Each and every year several of MLB’s bests are awarded with the most prestigious accolades in baseball. Whether it be exceptional fielding, hitting, or all around greatness these players shine above the rest. With a new year upcoming, who will earn these prestigious honors?
Baseball has perhaps the most diverse and prestigious awards in all of American sports. With the MVP, Cy Young, Silver Slugger, and Gold Glove MLB has quite a good selection of greatness in its ranks. As of late, some of these awards have been dominated by certain individuals, and rightly so. In a time where World Series wins and awards are driving points for Hall of Fame discussion, these awards are second in importance only behind the World Series. With so much talent in MLB, these awards are always up for grabs. In 2017, this trend will no doubt remain constant.
Of course some of these awards have been dominated in recent years. We can directly look at Mike Trout for MVP, or Salvador Perez for Gold Glove. However, often times these awards vary from recipient to recipient, as we have not seen a repeat of AL Cy Young since Pedro Martinez in 1999-2000. 2017 will be the same, there will be an MVP or Cy Young candidate none of us saw coming and a handful of new Gold Glove and Silver Slugger winners. The game of baseball is constantly evolving, and so is the talents along with it.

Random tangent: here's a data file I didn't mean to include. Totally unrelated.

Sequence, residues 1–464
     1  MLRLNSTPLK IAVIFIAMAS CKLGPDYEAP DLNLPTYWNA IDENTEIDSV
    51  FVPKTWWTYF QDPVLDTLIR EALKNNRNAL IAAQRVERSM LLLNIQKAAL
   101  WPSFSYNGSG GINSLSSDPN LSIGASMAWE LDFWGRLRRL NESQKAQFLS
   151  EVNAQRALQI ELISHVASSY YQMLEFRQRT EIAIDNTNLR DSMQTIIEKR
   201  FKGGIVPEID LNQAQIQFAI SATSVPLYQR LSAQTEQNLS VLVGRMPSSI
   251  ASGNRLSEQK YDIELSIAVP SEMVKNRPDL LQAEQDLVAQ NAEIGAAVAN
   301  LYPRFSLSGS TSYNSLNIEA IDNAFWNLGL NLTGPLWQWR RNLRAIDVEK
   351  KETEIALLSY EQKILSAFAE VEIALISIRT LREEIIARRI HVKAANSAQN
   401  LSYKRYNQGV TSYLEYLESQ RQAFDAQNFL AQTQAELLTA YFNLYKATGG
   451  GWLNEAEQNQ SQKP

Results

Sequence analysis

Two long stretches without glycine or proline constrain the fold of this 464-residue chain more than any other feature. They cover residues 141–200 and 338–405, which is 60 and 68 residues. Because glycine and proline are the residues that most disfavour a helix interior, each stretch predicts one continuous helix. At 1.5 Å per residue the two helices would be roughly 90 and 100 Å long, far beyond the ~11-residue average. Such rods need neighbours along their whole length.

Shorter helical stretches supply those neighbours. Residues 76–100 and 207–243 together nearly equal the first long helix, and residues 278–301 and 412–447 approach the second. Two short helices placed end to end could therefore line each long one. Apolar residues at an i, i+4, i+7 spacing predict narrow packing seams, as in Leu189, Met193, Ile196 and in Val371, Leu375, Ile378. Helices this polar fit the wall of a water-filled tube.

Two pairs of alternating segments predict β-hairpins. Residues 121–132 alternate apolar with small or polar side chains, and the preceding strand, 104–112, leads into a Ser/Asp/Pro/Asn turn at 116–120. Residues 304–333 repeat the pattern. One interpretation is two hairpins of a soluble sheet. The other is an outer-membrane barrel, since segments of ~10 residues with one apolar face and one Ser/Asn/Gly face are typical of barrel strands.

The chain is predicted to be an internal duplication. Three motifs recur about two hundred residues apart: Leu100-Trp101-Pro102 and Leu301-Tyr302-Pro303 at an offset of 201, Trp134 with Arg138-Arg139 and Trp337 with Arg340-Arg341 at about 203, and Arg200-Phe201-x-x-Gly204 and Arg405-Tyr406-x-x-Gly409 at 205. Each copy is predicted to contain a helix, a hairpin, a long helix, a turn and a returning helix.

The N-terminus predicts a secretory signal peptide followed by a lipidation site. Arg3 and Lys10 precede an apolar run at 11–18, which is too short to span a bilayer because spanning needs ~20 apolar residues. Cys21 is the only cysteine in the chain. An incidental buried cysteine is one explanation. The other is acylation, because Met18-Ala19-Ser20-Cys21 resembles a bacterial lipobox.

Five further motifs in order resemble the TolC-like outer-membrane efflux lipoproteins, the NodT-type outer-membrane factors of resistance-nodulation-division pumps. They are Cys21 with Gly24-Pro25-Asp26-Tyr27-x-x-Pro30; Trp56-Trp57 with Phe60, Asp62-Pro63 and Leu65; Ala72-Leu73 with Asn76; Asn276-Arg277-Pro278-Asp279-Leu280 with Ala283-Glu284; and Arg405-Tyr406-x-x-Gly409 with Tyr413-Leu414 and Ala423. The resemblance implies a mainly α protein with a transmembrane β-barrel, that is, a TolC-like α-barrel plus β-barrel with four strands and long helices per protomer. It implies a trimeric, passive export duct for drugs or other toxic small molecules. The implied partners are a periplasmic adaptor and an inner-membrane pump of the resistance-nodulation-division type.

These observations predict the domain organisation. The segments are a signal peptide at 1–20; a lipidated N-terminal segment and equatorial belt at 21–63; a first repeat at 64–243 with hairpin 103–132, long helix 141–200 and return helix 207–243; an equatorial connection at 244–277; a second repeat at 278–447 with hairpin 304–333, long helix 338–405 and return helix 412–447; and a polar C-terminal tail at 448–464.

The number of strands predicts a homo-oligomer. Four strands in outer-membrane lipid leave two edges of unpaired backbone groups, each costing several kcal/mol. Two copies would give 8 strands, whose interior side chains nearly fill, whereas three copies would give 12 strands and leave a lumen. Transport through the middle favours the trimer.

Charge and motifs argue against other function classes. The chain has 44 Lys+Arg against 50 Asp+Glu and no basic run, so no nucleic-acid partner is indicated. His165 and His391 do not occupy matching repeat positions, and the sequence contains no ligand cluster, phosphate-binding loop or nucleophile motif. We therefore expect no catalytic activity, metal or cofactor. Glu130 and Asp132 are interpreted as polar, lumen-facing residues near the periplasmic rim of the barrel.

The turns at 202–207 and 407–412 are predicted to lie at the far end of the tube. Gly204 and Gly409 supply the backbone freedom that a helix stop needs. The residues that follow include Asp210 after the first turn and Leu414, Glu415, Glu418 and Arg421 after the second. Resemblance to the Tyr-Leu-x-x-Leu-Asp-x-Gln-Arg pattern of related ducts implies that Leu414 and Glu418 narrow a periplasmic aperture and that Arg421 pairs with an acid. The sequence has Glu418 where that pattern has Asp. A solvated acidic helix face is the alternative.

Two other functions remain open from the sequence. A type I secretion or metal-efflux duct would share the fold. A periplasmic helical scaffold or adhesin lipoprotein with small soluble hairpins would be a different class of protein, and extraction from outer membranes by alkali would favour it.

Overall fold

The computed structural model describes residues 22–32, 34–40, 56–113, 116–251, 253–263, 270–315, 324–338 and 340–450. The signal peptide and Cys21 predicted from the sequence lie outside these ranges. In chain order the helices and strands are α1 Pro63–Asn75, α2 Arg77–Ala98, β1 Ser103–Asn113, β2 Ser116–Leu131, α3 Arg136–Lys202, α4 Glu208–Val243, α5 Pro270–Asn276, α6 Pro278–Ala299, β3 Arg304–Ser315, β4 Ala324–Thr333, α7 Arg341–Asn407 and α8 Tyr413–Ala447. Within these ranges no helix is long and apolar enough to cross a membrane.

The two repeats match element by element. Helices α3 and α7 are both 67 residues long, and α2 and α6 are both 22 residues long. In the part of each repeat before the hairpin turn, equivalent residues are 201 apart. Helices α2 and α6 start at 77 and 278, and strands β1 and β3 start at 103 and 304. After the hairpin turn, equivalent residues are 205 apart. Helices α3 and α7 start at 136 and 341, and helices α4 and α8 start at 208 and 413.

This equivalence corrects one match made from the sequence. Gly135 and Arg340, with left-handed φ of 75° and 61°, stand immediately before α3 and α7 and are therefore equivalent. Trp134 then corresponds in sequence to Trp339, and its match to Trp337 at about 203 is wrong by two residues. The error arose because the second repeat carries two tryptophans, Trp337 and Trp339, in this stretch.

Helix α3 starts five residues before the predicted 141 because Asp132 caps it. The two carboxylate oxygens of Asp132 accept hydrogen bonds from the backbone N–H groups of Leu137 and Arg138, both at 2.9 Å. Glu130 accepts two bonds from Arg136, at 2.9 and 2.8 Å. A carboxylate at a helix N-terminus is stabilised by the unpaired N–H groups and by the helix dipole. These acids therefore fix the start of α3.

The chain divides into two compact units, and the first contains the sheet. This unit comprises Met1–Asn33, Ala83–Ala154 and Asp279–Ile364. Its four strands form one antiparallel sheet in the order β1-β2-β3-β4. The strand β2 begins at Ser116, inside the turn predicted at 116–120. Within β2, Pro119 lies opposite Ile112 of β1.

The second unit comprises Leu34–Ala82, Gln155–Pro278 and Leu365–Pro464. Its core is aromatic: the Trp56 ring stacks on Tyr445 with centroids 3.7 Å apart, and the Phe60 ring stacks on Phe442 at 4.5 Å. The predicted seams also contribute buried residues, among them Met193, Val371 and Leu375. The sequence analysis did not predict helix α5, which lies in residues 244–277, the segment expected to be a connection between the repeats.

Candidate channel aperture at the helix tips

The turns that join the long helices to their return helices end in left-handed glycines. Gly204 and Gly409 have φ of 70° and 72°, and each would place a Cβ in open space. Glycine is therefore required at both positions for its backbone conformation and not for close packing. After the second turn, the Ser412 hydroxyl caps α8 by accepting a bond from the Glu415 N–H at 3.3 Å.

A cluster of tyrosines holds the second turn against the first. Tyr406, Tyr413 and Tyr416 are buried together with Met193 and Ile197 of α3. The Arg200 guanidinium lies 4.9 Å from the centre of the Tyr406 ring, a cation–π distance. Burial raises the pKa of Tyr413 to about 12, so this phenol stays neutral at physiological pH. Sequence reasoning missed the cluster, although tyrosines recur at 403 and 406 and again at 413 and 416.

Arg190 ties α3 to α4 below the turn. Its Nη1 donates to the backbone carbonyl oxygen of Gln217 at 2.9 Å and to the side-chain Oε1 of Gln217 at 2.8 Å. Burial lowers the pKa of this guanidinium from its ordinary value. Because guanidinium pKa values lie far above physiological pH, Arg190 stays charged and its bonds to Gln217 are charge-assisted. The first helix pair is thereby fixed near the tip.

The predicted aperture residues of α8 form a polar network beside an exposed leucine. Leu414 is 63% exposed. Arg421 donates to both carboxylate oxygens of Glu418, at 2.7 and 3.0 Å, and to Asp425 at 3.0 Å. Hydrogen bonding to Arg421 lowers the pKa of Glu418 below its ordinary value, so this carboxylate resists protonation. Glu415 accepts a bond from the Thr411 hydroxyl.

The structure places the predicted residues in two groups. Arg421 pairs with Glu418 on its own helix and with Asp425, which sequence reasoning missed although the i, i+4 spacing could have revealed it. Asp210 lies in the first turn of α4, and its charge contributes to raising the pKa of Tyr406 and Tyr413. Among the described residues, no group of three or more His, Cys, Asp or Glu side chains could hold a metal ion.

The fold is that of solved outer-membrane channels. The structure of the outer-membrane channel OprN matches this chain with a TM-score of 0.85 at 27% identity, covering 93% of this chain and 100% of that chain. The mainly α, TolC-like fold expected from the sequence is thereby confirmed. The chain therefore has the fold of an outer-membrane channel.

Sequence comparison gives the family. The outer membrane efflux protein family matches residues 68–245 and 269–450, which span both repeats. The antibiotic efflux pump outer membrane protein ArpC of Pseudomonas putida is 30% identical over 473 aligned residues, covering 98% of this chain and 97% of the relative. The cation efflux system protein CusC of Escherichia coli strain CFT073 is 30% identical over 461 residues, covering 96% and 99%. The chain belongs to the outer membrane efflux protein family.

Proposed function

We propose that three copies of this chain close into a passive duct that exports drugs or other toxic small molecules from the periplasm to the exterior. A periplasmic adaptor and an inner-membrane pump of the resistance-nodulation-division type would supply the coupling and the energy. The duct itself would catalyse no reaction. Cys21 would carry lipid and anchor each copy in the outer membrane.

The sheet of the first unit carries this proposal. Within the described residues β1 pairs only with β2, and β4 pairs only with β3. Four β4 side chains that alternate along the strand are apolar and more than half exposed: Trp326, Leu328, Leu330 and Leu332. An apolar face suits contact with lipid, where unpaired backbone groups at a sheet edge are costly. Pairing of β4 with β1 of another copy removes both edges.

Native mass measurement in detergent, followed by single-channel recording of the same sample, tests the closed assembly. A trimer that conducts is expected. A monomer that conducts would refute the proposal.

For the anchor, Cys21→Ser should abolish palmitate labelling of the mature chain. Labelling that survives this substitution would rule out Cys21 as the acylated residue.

With all of that being said, it may be a difficult task to predict who will win what award next season. That doesn’t mean I won’t try though! Looking at past trends and future expectations, a viable prediction can be made for each award. While some of these will be very easy, AL MVP, some may be shocking. Therefore, let’s look at the most likely winners for MLB’s most prestigious awards.
The names that likely jump right off the bat on this list are C.J Cron, Julio Urias, and Tucker Barnhart. However, each of the three men have good cases to win their respective awards next season. Whether it be finally getting the playing time, or less competition, it makes sense to see these three win their first Gold Glove Award. As for the rest, not all of them are repeats from last season, but each still make their own case for the award.
Julio Urias and C.J Cron are included on this list because they will likely get a seasons worth of fieldng, leading to their awards. Because of injury, C.J Cron did not field enough innings at first base to merit an award. However, the time he did play was enough to solidify himself as one of the best fielding first baseman in the league. Urias has proven himself to be a pick-off specialist, even though some of his moves look like balks.
As for Barnhart, with Buster Posey potentially seeing less time behind the plate, his case seems more solid. Barnhart Was first in runners caught stealing, sixth in fielding percentage, second in wild pitches allowed, and second in passed balls allowed. In the two cases where Barnhart is second, Buster Posey is first. With Posey potentially seeing more time at first base next season, Barnhart will bring in a Gold Glove.